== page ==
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Thread: Sexual encounter at the start of The Lovesong of J Alfred Prufrock

  1. #1
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    Jul 2015

    Sexual encounter at the start of The Lovesong of J Alfred Prufrock

    HI All,
    I recently reread the poem after many years, and noticed the following lines in a new light:

    The yellow fog that rubs its back upon the window-panes,
    The yellow smoke that rubs its muzzle on the window-panes
    Licked its tongue into the corners of the evening,
    Lingered upon the pools that stand in drains,
    Let fall upon its back the soot that falls from chimneys,
    Slipped by the terrace, made a sudden leap,
    And seeing that it was a soft October night,
    Curled once about the house, and fell asleep

    Its a sexual encounter. Eliot mixes up the dirtiness, smog filled London evening with the dirtiness and seediness of one of Prufrock's sexual encounters.
    It's a beautiful, innovative & provocative piece of poetry. The extended metaphor, the rhythm and musicality of the lines perfectly balanced with a very explicit description of the act. To my mind, no poet had ever dared to write such a thing prior to this.

    There's a bit of warm up - stroking, touching - the first 2 lines. Then it heats up with some oral in the next 2 lines (line 4 - eww). Then we (probably) go into missionary. Then penetrate. Then come (almost immediately). Then a perfunctory cuddle and.... what do guys do, ladies? They fall asleep...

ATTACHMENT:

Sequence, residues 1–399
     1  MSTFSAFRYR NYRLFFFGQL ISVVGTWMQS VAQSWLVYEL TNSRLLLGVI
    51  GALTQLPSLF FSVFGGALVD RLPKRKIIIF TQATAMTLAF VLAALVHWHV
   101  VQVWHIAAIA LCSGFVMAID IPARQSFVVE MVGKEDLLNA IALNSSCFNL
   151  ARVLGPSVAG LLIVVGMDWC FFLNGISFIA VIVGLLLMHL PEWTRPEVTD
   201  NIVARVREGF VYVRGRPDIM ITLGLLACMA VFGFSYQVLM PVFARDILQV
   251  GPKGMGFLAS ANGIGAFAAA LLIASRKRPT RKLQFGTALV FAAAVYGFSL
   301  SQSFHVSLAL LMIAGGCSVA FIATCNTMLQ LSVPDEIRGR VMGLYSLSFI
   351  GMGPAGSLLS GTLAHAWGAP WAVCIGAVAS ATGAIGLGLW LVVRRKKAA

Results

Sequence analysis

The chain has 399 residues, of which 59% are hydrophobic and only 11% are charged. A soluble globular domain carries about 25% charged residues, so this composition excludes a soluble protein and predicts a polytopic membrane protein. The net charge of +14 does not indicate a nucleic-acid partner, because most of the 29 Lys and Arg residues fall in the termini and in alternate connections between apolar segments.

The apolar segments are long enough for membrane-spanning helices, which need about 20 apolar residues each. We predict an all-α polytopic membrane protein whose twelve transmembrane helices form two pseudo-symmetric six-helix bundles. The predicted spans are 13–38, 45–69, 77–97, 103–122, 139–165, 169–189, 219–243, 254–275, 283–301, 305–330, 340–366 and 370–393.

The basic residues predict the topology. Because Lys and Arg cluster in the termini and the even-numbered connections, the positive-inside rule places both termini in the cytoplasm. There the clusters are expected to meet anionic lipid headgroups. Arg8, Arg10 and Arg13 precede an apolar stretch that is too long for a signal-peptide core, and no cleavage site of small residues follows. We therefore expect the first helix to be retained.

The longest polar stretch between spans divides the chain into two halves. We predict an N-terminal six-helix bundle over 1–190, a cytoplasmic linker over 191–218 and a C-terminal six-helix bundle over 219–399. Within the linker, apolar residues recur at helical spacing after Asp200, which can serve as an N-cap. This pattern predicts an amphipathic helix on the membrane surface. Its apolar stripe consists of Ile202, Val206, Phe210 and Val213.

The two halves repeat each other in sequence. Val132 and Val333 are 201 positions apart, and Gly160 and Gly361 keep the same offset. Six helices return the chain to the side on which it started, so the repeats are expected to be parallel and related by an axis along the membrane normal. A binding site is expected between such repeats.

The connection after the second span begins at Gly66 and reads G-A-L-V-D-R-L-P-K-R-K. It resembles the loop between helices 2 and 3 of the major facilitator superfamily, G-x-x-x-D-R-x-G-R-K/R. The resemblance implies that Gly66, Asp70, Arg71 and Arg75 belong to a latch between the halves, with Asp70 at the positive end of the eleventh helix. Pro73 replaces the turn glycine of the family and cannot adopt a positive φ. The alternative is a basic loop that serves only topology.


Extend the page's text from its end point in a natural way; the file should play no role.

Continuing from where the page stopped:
Suddenly the lines make perfect sense.

    This is after all his "love song", his embarrassing, guilty confession "for your ears only". It makes sense that there's a bit of guiltily disclosed, painfully honest sexual activity in his monologue.

    Nobody's ever pointed this out before (to my knowledge). What do you guys all think? Am I crazy or is this what you see too?

    It has completely changed my view of who TS Eliot is as a poet.

  2. #2
    Registered User Jackson Richardson's Avatar
    Join Date
    Sep 2012
    Somewhere in the South East of England
    I'd be interested in what others think. I thought it was describing the fog in terms of a cat. But your theory would give a whole new edge to the poem. Indeed a point to it.

    PS. Welcome - good to have a new member with good ideas.
    Previously JonathanB

    The more I read, the more I shall covet to read. Robert Burton The Anatomy of Melancholy Partion3, Section 1, Member 1, Subsection 1

  3. #3
    Maybe YesNo's Avatar
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    Oct 2010
    Near Chicago, Illinois USA
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    I thought it was acting like a cat also, but since it is not a cat and there is that falling asleep part, who knows?

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